There are lots of comfort foods that can make you feel better when stressed. But let’s be honest with ourselves, not all of them are good for us. There have never been depressed, anxious and unmotived people since World War II. Unsurprisingly these ailments often go together with irritable bowel syndrome and asthma. Our bowels and lungs are the separation between the inside of our bodies and the outside world. After 1944 lots of changes have happened in our food chain. Fluoride has been added to water, animal fats were demonized and replaced with vegetable oils of corn, soy and canola. Meat and eggs were replaced with carbohydrates from refined grains and soy.
Our nutrient-rich and dense food in animal fats that fed our brain and kept mental illness at bay was replaced by sugars and vegetable oils. Let’s face it, comfort foods like cookies and chips are just cheating our brain. Taking in more sugar and unhealthy fat will make us crave more and in the end, leave us feel guilty and sick. They kill our motivation and feed anxiety.
There are lots of nutrient rich foods which contain necessary minerals and vitamins to keep stress and anxiety at bay. What are those healthy comfort foods that are good for fighting off stress and lowering anxiety without taxing our health?
Fats provide energy to the body and the brain and are essential to absorb fat-soluble vitamins like A, D, and K. They are essential parts of the building membranes of the brain cells.
Did you know that 60% of the brain is made up of fats? There are three kinds of fats required for a healthy mental status:
What else does our brain need?
It is about the most important mineral in our body. It is best known for its relaxing effect on muscles. A good indication of magnesium deficit, are tensed muscles or restless legs at night. Coffee and alcohol, cookies, pasta and pastries all lower magnesium as well as certain medications.
Foods: dark chocolade, avocado, nuts, legumes, tofu, seeds, whole grains, fatty fish, bananas, leafy greans
It is essential for a healthy skin but is a mood regulator as well. Our bodies don’t store zinc so we need our daily dosage to stay happy and relaxed.
Foods: Meat, shellfish (oysters!), legumes, seeds, nuts, dairy, eggs, whole grains
They are essential for nerve functioning and healthy brain cells. They are natural painkillers and mood boosters.
Foods: whole grains, meat and fish, eggs, milk, cheese, legumes, seeds, nuts, dark, leafy vegetables
Human beings cannot synthesize vitamin C and therefore we are obliged to eat our daily fruits and vegetables. Vitamin C abolishes the release of cortisol when stressed. Therefore it is an essential vitamin in stress management!
Foods: broccoli, cantaloupe, cauliflower, kale, kiwi, oranges, papaya, peppers, sweet potatoe, tomatoes, …
“Without folate,” says Massachusetts psychiatrist Emily Deans, “you can’t send the signals for regeneration and repair in the brain, which is why one symptom of low folate is depression, and long-term lack of folate can cause dementia.”
We need folate to produce dopamine, serotonin and norepinephrin, all neurotransmitters that regulate our mood.
Foods: spinach, liver, asparagus, brussels sprouts, romain lettuce, dark green leafy vegetables, fruits, nuts, beans, peas, seafood, eggs, dairy, meat, poultry, …
Each time we breath, oxidative stress is created. Anti-oxidants eliminate this excessive stress and toxic byproduct in our body. Oxidative stress in the brain appears to lead to psychological disturbances and nervous system impairments.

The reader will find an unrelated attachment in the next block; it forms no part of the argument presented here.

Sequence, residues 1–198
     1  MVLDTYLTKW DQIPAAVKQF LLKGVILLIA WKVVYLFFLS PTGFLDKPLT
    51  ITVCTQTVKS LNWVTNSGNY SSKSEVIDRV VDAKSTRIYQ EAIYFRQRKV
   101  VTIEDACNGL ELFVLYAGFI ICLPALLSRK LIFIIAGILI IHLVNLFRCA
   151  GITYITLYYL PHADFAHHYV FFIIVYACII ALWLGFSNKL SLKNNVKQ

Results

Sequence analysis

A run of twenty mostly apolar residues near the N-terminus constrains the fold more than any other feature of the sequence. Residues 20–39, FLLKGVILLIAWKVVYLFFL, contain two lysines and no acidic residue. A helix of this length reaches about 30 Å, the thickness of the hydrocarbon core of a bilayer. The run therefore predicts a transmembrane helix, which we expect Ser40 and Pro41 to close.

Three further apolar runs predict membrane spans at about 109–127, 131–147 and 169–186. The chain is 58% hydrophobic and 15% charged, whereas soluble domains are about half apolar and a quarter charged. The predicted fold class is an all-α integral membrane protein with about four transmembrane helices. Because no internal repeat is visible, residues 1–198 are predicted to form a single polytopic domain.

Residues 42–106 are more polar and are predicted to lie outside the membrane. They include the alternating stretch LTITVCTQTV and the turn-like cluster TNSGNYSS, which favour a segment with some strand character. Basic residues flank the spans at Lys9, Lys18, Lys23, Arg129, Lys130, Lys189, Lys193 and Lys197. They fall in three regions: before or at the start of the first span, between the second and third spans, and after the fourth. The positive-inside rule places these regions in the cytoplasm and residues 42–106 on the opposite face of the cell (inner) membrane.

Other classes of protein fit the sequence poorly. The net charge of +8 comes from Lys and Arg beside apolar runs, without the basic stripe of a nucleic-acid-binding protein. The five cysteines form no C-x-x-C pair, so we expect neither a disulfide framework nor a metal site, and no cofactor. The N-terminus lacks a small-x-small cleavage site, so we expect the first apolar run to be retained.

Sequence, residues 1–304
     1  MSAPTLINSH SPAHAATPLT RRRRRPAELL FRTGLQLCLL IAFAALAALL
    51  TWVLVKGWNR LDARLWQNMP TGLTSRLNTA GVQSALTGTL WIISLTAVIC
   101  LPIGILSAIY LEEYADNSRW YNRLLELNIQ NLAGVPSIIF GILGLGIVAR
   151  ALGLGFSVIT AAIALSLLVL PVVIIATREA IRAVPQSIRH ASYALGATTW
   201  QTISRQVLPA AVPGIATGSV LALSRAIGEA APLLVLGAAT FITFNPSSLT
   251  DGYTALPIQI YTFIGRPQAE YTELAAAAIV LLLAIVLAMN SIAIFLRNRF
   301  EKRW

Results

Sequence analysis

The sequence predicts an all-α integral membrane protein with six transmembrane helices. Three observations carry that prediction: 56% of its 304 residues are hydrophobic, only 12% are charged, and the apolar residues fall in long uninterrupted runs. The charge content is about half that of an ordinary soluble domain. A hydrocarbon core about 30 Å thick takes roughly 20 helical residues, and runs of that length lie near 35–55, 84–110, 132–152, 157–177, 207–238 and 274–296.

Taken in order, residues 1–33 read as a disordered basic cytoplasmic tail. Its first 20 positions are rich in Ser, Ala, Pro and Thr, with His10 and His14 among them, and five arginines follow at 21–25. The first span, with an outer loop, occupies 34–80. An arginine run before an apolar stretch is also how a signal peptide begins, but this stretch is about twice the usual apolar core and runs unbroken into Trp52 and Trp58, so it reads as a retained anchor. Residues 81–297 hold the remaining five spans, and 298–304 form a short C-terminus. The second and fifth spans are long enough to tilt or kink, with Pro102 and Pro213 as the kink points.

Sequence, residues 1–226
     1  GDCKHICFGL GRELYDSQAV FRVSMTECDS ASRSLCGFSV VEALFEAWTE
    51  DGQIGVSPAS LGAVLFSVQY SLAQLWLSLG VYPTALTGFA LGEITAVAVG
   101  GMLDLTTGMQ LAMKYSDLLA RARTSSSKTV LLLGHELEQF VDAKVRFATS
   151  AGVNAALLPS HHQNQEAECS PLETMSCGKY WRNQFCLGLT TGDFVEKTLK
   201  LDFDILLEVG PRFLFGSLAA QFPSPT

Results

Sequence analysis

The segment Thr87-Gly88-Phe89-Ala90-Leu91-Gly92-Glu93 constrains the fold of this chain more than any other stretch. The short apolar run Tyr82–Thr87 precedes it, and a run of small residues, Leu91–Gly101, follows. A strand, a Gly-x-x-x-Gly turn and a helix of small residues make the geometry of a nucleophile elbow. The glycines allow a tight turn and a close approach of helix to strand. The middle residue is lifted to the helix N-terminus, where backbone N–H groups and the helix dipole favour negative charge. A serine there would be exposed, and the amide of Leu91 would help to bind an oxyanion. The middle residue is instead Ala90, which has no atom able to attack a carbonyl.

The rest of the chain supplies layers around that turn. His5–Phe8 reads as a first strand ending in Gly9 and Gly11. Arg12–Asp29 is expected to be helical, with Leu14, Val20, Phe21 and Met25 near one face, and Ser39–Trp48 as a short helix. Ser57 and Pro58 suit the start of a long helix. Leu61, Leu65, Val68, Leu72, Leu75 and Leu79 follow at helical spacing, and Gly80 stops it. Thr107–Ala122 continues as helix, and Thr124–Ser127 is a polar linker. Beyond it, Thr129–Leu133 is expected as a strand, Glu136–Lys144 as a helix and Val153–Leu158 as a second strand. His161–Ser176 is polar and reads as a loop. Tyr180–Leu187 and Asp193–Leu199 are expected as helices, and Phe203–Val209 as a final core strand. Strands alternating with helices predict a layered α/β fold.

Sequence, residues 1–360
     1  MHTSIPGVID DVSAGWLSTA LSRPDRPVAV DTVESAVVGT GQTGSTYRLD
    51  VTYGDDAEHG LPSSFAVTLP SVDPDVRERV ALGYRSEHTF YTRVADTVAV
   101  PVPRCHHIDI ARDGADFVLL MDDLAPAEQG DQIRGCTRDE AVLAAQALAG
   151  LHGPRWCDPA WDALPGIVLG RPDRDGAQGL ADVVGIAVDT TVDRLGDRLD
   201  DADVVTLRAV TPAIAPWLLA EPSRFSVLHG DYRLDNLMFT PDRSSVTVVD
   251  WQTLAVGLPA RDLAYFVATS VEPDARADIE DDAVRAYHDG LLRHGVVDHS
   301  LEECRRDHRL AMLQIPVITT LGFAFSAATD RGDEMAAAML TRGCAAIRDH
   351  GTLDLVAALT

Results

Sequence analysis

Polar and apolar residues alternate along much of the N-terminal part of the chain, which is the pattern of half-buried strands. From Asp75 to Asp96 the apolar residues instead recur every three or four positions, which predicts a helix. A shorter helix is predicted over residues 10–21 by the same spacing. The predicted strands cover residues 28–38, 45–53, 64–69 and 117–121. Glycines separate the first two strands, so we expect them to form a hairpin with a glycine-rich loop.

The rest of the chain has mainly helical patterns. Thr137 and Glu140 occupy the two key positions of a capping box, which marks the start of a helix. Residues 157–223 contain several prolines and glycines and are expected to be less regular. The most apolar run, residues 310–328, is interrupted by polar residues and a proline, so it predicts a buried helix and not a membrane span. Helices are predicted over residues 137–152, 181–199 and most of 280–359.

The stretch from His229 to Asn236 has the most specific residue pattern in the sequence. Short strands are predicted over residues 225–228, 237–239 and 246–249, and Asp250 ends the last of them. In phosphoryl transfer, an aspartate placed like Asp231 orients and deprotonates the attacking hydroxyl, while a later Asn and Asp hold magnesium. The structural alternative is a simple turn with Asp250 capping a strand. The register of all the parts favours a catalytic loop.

“Several studies have shown that there is a link between psychological stress and intracellular oxidative stress.”, according to Marie-Anne Milesi from Seppic, France. and “Researchers found that the supplement (an antioxidant) decreased the signs and symptoms of perceived stress and fatigue in healthy volunteers.”
Foods: dark chocolate, pecans, all berries, artichokes, kale, …
Amino Acids, precursors of serotonin and dopamine
Research has shown that tryptophan, the sole precursor of serotonin, is an important factor in mood, cognition and behavior. Tryptophan is an essential amino acid and must be supplied by food. 95% of serotonin is found in the gastrointestinal tract. However we know today that our gut is our second brain, also called the enteric nervous system. This nervous system is not able to calculate or read but it can control your emotions. It suffices to have an irritated gut to trigger this enteric nervous system. This explains the connection between Irritable Bowel Disease and depression and anxiety. Dopamine, another mood booster, increases after ingestion of tryptophan. Without dopamine, we lose focus and tend to procrastinate.
Food: turkey and chicken
Pre- and probiotics
Our gut is colonised with trillions of healthy (and unhealthy) bacteria. The composition changes with your diet. While there is still much to research, gut bacteria affect the immune system, the HPA axis and as a consequence the circulating levels of cytokines. These will send signals via the nervus vagus – the longest nerve of our autonomous nervous system – to the brain. Pre- and probiotics feed these bacteria.
Food: garlic, onion, leeks, apples, flaxseeds, seaweed, fermented food, yoghurt, kimchi, …
they boost serotonin levels and give us a calming and soothing feeling. They are an ideal supply of long lasting energy that cut the envy to grab junk food that leave us feel worse after all. Steady blood sugar levels guard us of snacking and emotional rollercoasters.
Foods: whole wheat, brown and wild rice, potatoes, quinoa, legumes, corn
If you struggle with stress and don’t know where to start, we got you. Use this link to schedule a talk with me. Looking forward connecting with you soon.
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